You love your friends and family, and you’d do absolutely anything to help them.
Then one day, your friend is late on rent and asks to borrow $500 from you. He promises to pay you back when he gets his next paycheck, but you’re not so sure.
You’re worried that loaning out money could put a strain on your relationship — but you really want to help your friend in his time of need.
What should you do?
Just Say No
As someone who’s been burned by loaning money to loved ones, I highly caution you against it.
You see: When you lend money, your relationship is going to change. Your friend will feel indebted to you (because he will be). Hanging out together will feel awkward until the loan is paid off — and if the loan goes unpaid, your relationship could be ruined. There’s so much that can go wrong when you decide to loan money to family and friends.
Instead of giving out money, tell your friend how much you’d like to help but that you don’t have the money OR don’t want to ruin your relationship.
Take it from me: It’s a horrible feeling to know money has ruined one of your relationships.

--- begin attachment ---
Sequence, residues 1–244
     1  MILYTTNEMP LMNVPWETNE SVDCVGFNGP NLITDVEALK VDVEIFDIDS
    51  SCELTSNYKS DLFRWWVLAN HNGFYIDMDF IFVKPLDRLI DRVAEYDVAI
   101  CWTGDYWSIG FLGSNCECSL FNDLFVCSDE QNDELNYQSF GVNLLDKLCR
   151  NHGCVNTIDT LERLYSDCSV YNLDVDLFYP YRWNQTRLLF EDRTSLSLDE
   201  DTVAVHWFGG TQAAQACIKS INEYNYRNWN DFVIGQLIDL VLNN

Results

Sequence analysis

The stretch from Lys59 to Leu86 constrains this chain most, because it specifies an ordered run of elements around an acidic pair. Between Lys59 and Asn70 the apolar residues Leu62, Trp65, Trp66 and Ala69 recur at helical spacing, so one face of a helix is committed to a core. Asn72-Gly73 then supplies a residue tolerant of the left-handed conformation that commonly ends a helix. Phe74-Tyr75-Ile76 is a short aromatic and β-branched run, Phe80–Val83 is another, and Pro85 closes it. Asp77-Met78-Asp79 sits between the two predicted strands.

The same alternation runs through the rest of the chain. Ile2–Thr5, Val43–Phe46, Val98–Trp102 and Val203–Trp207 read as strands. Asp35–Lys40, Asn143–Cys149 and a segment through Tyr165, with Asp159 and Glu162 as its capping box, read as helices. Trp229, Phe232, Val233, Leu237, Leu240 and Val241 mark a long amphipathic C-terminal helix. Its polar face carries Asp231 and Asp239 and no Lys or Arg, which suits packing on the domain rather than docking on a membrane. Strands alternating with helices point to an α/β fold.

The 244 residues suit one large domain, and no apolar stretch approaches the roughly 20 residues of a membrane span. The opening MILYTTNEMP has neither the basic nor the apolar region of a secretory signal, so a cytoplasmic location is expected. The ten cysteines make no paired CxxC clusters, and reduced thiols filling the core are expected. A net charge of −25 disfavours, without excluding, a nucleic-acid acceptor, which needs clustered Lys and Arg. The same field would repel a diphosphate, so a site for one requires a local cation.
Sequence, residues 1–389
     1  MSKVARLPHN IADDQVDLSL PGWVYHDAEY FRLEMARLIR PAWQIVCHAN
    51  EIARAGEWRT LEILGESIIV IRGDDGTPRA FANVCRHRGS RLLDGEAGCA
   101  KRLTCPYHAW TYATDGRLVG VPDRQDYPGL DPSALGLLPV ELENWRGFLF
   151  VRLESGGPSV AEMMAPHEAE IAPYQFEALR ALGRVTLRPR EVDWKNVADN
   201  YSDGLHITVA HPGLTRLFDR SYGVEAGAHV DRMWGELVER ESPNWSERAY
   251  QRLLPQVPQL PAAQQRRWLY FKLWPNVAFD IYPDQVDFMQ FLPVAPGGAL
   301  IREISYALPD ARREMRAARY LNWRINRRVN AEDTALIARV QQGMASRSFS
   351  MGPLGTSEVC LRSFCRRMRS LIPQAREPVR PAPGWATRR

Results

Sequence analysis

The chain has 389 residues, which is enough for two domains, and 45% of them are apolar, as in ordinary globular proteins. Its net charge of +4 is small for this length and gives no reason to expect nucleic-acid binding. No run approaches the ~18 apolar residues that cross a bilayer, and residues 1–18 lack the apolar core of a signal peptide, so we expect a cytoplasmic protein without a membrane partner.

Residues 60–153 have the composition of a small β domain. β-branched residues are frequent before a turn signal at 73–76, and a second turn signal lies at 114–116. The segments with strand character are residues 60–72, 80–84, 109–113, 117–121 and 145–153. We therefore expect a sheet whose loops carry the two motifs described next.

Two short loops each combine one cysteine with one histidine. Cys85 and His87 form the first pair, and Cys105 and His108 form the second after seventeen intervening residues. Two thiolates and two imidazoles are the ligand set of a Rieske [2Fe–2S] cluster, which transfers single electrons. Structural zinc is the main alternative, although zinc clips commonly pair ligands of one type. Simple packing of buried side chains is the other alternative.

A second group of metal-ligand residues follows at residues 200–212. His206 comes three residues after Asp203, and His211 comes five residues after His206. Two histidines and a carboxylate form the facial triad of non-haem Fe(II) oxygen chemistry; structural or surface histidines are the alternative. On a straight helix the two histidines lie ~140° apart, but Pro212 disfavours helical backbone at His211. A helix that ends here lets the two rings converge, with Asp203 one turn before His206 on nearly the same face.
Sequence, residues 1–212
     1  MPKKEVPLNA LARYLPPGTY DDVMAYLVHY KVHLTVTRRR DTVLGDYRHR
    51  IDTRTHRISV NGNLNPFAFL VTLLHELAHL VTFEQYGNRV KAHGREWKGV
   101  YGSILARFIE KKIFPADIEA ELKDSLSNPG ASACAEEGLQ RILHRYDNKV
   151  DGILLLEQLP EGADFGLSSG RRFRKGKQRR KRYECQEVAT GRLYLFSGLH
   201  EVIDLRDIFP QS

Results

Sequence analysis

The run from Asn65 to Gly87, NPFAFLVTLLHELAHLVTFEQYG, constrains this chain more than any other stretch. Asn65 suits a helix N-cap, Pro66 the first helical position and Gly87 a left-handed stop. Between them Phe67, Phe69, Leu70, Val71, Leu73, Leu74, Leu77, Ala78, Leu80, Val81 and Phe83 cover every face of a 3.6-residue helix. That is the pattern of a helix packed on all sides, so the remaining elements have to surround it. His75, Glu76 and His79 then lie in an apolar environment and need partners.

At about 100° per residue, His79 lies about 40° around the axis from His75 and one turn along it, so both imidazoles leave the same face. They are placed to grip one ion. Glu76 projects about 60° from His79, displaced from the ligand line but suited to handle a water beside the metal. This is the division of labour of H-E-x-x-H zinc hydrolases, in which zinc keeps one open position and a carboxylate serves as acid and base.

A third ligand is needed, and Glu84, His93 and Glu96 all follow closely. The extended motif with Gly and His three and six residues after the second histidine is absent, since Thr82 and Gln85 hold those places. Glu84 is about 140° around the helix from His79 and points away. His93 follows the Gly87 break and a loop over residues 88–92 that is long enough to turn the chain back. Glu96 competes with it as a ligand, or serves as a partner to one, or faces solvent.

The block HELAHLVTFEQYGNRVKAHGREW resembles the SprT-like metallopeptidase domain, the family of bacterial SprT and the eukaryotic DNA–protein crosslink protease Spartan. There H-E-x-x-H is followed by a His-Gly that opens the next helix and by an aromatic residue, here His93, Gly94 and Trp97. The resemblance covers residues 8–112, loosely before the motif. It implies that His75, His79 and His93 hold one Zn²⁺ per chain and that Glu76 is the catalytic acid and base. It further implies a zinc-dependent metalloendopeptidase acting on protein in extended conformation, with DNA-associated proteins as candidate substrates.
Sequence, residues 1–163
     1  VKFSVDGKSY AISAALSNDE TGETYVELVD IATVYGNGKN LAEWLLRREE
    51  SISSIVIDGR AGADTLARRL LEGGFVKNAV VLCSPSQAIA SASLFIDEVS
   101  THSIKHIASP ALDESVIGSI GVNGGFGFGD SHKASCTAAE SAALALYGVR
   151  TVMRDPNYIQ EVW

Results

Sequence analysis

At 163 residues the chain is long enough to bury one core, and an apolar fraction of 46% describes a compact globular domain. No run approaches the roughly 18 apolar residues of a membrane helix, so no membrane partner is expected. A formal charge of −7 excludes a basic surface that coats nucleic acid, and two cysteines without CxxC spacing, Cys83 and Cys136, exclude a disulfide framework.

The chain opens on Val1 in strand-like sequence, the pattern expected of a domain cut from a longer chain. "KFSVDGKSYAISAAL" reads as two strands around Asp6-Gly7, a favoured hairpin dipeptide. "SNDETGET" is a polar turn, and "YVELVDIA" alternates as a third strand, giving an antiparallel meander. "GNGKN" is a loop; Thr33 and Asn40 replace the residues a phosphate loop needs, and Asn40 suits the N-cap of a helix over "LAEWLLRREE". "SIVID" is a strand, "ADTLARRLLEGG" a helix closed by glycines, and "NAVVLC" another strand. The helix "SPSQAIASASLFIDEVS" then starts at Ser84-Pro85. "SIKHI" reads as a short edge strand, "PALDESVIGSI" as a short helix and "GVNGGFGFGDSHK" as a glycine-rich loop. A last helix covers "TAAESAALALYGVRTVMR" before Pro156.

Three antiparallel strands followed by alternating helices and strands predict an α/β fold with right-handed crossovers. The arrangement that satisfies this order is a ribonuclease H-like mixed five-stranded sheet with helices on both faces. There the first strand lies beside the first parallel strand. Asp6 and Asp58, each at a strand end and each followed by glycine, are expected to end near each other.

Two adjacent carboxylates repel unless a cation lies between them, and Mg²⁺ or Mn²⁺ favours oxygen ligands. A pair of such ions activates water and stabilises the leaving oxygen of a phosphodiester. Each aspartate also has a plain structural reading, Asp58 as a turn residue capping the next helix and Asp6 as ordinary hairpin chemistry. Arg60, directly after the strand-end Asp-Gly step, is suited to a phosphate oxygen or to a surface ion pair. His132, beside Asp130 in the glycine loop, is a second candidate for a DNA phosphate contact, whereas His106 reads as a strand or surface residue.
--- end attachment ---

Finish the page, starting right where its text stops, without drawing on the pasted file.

Or Give the Money Away
I know what it’s like to want to help a loved one. Especially when you recognize that help is truly needed, it’s hard to stand by and watch. But here’s the thing: If your friend has fallen on financial hardships, it’s pretty unlikely that he’s going to be able to pay you back.
If you have the resources, just give them the money — no strings attached. Tell your friend to pay it forward one day, when he’s in the position to do so.
If You Must Loan, Get It In Writing
If you don’t have the ability to give away money, and really want to help them, then be sure to get your loan terms in writing.
A funny thing happens when you loan money: The borrower and lender seem to remember the original circumstances differently. Or at least that’s what happened to me.
To prevent confusion and possible arguments, get the loan amount, payment terms, and interest in writing. Have both parties sign the contract, with a copy for each to keep. Now when any questions pop up, you can just refer to the signed contract.
Be aware that there are some serious consequences to loaning money to friends and family. Even though all intentions may be good in the beginning, things can go sour quickly. Before you open up your wallet, make sure you know what you’re getting into.
Have you ever loaned money to friends or family? How did it go?